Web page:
Ameristar saw a 6.3 percent drop in first-half revenue in 2012, and it slipped an additional 6.5 percent in the first half of 2013. But it still brings in the most revenue of any area casino, by an average of more than a million dollars a month.

“We’re always pleased to be the market leader,” said general manager Sean Barnard. “It’s been 10 years now that we’ve been No. 1.”

Barnard said the casino continued to have success with its practice of regularly bringing in and promoting new slot machines.

One thing is likely to change in the next few months at Ameristar — its ownership. Pinnacle Entertainment, like Ameristar based in Las Vegas, is buying Ameristar for $2.8 billion. The Missouri Gaming Commission approved the deal last week after Pinnacle agreed to sell some of its properties in the St. Louis area, where it will be acquiring the Ameristar in St. Charles.

The sale still needs Federal Trade Commission approval, but that’s expected now that all the state gaming commissions involved are on board. Pinnacle hopes to close the deal in August.

So what does Barnard expect?

“Business as usual,” he said. “Pinnacle also is committed to teamwork and providing a good product. We’re just excited.”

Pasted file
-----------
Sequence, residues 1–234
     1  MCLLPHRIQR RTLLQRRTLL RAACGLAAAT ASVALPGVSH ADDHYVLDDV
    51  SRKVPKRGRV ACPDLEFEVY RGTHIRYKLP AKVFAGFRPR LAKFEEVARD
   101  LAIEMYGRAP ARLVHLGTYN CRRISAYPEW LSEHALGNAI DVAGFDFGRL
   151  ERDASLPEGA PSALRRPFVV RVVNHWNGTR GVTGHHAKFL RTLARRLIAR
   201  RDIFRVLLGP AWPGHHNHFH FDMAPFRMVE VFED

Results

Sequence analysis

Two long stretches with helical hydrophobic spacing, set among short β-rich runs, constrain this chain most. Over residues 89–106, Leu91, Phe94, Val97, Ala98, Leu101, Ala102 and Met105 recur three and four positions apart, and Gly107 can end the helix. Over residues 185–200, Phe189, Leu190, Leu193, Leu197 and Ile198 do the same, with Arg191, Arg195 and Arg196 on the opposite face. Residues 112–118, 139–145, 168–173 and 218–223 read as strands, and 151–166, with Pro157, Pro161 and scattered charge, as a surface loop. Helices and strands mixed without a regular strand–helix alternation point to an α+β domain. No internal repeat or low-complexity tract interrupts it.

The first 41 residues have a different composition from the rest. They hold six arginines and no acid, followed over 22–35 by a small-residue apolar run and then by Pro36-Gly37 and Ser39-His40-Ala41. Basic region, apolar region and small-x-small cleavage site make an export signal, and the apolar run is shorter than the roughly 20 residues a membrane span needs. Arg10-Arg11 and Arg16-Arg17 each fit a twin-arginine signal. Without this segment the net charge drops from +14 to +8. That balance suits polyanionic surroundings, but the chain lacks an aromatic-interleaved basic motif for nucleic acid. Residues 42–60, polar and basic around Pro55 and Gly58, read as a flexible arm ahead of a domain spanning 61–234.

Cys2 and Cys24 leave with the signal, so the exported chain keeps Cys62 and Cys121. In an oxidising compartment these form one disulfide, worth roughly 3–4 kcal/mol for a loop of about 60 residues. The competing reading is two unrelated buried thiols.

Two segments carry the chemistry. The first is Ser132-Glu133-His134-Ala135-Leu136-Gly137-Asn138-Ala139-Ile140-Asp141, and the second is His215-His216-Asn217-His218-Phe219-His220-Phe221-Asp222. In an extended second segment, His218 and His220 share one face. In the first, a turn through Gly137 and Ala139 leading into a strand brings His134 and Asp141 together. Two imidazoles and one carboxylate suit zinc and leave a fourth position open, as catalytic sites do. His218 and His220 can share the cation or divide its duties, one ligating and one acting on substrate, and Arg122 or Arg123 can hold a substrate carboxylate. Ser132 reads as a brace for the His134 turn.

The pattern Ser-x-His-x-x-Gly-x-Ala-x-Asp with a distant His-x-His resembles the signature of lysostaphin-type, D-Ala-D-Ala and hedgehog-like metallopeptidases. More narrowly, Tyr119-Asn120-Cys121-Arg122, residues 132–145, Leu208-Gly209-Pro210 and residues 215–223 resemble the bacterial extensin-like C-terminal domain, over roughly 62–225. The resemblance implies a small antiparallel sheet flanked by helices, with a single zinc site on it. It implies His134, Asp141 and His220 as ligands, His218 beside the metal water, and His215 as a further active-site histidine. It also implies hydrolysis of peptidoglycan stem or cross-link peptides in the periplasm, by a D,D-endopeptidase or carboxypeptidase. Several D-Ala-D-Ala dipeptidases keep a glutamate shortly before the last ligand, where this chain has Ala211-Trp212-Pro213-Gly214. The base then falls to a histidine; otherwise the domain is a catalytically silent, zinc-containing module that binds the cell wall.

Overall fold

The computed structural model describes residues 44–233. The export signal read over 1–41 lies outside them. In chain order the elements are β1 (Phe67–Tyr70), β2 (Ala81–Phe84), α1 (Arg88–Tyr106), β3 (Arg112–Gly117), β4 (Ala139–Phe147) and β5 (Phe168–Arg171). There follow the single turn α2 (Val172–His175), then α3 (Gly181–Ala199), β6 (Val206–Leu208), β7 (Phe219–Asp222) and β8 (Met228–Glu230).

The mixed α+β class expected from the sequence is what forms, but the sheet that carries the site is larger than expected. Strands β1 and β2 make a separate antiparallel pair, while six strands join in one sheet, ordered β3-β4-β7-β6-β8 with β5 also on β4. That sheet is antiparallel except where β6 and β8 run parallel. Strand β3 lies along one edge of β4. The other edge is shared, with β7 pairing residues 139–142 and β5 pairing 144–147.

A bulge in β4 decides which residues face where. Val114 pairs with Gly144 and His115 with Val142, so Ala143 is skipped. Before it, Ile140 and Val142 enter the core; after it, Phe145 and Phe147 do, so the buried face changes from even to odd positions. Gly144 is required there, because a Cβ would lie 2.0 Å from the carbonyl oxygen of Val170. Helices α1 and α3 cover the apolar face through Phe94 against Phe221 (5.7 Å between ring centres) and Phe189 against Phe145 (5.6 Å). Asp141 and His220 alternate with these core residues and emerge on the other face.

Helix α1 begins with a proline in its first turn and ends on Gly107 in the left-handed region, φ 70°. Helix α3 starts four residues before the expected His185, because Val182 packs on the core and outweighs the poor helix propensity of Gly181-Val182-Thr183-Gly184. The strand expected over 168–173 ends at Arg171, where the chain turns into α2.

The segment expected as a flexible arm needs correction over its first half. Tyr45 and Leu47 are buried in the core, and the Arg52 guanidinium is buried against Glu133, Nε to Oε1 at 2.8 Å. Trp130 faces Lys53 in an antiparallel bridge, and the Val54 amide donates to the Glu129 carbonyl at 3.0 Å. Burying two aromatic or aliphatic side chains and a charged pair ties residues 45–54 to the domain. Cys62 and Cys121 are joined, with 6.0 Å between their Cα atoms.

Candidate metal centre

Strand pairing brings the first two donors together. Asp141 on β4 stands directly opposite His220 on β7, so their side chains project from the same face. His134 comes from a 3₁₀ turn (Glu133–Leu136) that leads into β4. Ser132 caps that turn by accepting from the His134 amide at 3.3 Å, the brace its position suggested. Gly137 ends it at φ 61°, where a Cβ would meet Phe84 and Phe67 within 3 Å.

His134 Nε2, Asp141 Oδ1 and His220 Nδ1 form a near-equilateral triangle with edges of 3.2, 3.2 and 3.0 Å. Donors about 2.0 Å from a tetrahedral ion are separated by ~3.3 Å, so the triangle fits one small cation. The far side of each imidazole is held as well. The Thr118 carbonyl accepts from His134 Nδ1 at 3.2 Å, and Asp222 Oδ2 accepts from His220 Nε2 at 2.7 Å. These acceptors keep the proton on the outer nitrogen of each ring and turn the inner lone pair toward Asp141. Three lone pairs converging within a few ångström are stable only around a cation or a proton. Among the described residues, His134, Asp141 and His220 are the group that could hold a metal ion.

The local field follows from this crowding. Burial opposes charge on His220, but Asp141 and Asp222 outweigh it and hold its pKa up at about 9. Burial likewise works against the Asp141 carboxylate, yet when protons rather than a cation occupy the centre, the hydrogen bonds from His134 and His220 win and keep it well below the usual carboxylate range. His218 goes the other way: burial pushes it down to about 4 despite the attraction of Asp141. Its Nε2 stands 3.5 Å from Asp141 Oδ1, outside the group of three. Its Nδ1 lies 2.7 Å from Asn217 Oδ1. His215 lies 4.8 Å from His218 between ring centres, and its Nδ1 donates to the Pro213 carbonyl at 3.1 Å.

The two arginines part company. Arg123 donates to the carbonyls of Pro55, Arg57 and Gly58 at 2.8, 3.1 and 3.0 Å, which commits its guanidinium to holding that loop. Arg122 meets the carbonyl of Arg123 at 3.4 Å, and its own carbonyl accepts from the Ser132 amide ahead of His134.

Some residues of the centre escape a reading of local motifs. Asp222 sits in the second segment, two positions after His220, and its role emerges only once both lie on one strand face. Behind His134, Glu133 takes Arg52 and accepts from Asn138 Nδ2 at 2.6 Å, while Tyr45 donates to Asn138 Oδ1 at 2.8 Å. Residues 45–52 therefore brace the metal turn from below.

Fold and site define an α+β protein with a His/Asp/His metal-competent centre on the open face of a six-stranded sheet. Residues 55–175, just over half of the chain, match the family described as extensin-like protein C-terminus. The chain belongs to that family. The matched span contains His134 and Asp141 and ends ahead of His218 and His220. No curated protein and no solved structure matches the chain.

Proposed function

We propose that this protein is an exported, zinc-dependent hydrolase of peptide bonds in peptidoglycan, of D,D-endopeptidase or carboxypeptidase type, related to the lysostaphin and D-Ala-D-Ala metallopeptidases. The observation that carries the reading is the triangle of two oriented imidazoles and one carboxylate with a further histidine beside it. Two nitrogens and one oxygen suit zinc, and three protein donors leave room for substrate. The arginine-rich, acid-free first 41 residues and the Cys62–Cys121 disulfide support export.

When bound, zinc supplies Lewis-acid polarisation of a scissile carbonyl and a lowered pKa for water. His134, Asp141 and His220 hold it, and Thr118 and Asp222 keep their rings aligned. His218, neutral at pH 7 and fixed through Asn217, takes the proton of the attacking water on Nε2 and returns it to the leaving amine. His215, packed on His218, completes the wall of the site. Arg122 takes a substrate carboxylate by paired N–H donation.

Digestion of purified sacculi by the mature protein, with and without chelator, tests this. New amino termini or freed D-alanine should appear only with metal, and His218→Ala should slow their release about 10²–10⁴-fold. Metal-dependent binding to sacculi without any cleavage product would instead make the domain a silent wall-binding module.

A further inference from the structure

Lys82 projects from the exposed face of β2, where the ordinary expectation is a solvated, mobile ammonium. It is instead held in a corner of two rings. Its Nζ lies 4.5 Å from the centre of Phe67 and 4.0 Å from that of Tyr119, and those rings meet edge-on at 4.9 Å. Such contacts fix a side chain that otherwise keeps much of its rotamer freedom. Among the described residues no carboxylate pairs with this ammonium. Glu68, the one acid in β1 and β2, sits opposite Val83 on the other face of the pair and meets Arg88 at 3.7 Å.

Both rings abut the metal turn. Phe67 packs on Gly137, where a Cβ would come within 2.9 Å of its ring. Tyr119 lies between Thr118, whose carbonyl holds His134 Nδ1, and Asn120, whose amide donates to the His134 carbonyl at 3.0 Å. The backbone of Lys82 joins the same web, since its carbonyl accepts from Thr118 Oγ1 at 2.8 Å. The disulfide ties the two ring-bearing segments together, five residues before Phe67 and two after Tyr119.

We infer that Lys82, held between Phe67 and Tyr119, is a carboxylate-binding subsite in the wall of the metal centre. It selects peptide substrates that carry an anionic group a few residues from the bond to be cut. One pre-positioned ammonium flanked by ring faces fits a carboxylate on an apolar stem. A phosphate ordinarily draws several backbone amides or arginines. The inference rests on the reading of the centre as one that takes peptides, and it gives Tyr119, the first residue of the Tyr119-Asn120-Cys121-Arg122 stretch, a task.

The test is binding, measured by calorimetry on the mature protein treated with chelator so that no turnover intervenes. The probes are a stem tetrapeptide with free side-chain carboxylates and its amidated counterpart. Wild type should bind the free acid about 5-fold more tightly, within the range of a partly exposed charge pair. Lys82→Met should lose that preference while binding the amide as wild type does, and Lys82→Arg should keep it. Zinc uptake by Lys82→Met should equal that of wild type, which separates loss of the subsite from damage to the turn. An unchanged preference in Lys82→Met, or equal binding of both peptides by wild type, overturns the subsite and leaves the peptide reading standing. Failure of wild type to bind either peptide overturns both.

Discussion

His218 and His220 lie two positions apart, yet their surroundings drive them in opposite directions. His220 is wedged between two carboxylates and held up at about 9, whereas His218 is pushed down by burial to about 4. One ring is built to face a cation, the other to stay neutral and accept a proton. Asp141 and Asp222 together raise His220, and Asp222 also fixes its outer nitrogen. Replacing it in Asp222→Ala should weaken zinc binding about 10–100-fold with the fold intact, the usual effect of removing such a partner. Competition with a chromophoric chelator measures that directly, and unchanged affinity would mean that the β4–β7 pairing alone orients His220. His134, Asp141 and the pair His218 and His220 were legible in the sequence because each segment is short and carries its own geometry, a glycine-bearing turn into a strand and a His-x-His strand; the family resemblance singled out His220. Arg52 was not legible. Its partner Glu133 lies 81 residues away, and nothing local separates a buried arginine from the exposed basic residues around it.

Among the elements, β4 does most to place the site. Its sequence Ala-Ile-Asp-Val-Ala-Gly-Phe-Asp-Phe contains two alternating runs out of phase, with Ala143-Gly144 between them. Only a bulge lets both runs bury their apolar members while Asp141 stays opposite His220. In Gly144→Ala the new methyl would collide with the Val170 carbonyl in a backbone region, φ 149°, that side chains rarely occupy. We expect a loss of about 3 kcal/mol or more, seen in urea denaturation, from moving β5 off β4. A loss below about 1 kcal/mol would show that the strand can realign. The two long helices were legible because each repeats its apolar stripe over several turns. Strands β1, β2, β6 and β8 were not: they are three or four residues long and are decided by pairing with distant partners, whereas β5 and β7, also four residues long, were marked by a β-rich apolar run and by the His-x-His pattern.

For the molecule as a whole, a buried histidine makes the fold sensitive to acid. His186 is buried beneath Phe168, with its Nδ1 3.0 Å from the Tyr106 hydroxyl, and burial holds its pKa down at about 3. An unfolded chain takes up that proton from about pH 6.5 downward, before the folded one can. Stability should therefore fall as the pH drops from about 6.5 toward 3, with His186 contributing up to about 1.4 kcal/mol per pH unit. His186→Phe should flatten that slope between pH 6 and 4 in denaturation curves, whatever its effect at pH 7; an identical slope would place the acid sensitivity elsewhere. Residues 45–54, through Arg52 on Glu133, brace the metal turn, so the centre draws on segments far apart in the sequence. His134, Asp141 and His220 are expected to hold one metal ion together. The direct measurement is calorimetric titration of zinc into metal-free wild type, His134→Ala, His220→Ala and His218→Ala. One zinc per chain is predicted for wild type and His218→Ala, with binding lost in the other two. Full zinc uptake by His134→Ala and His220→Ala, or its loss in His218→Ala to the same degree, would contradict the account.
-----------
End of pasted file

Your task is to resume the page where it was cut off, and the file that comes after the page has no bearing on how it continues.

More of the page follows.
Although “business as usual” is an often-heard merger mantra, two casino business analysts who rate Pinnacle a buy say it’s likely to be true in this case.

“Ameristar’s Kansas City property is very good,” said John Kempf of RBC Capital Markets in New York. And although he said the merged companies’ rewards programs could change eventually, “They’ll probably leave management there not change anything materially.”

Brian McGill of Janney Montgomery Scott in Philadelphia also called the Kansas City Ameristar “one of the better regional properties” and said he didn’t expect much change.

Pinnacle even has said it is looking at how Ameristar operates, McGill said, with an eye toward using some of those practices at current Pinnacle properties.

“Ameristar has strong margins, great customer satisfaction ratings,” he said. “I’d expect nothing dramatic.”